My partner recently injured his hand on a faulty ladder. This took off an area of skin over a proximal finger joint resulting in a dramatic amount of bleeding and an inability to use the finger. Over the days and weeks since we have watched the healing process with fascination, noticing the stages of recovery of both form and function. Normal wound healing has four recognised stages: haemostasis, inflammation, proliferation, and remodelling. For a wound to heal successfully, the four phases must occur in the right sequence and time frame. Many factors can interfere with this process, risking impaired wound healing.
As we watched the re-epitheliation and remodelling of his physical wound it made me think about the unseen wounds many of us have suffered since the start of the pandemic, and the impaired wound healing we have been experiencing. So many people have been harmed not only by the virus itself but also by the lockdowns and the lack of a social safety net, eroded for decades by austerity. I see wounded people often in my work. They are incredibly adaptive and resilient but the body keeps the score, and many chronic diseases and distressing physical symptoms have their roots in emotional and social distress. I cannot speak for these people but I see them. I see their suffering and their strength.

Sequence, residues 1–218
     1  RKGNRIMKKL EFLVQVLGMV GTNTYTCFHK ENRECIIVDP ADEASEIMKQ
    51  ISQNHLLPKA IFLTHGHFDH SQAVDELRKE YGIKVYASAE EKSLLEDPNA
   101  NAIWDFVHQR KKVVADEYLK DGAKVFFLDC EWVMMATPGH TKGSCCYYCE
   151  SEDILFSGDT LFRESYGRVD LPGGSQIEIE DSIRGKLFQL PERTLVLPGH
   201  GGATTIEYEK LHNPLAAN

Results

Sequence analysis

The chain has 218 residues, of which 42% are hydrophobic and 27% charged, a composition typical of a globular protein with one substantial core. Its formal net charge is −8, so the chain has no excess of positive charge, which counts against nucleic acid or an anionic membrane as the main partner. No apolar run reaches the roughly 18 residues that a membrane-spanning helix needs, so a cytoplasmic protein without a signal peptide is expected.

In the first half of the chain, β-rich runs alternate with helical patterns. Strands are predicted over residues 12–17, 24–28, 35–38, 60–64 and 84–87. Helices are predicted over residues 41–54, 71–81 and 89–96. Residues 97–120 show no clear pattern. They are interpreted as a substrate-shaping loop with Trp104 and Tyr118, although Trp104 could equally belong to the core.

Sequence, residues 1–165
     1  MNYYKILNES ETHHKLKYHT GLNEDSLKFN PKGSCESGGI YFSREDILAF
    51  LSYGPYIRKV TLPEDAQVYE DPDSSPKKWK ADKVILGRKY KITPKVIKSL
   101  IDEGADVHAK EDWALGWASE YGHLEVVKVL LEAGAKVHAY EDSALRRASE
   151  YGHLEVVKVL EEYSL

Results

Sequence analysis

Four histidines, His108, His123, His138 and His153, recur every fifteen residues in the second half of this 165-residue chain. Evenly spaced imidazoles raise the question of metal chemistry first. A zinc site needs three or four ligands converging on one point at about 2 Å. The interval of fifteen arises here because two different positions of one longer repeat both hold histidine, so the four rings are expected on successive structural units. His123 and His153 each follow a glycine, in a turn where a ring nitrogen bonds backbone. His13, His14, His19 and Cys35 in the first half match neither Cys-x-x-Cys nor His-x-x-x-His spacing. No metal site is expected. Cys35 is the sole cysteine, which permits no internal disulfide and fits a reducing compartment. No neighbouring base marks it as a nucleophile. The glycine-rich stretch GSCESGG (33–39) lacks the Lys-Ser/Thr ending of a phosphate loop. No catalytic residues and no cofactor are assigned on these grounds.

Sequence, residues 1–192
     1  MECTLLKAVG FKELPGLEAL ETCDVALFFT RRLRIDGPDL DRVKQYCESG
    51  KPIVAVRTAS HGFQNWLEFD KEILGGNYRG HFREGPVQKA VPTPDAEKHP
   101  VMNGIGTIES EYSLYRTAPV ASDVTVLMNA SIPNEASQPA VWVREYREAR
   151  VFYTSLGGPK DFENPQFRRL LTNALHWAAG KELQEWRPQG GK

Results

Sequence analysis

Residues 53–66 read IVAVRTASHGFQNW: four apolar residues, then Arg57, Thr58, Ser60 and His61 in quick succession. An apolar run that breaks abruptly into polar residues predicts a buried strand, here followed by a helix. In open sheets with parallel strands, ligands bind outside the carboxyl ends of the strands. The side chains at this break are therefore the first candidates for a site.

Neither can I speak for all NHS staff, but is is well recognised that the pandemic traumatised healthcare workers. We experienced moral injury long before COVID-19, when we did not have the resources to provide the quality of care we wished to, were let down by a decimated social care system, or were forced to turn people in need away due to factors such as their immigration status. The pandemic brought us challenges that were all too familiar, but, more than that, it highlighted the pervasiveness, severity and proximity of this harm. Moral distress is the immediate result of participating in or witnessing a morally troubling situation. It may linger a few hours after the event, but if an individual’s ‘sense of the good’ remains intact, it often resolves. Severe or repeated injustices may leave a ‘moral residue’, which can accumulate and lead to moral injury. Without intervention this can lead to burnout, where distress is replaced by symptoms similar to those experienced by trauma victims, including numbing, depersonalisation and detachment. During the pandemic, moments of distress were frequent: staff shortages; inadequate personal protective equipment; colleague sickness; shortages of critical care beds, caring for critically ill people on general wards; cancellation of outpatient and elective activity, letting down countless people in need; and the need to allocate limited resources, deciding which patients would receive which treatments. This was within an environment of: social fragmentation; family sickness and financial worries; loss of access to protective activities and hobbies; inadequate childcare; lack of trust in governmental instututions; undermining and attack from the press; anger from the public; and the general fear of what might come next both inside and outside the hospital.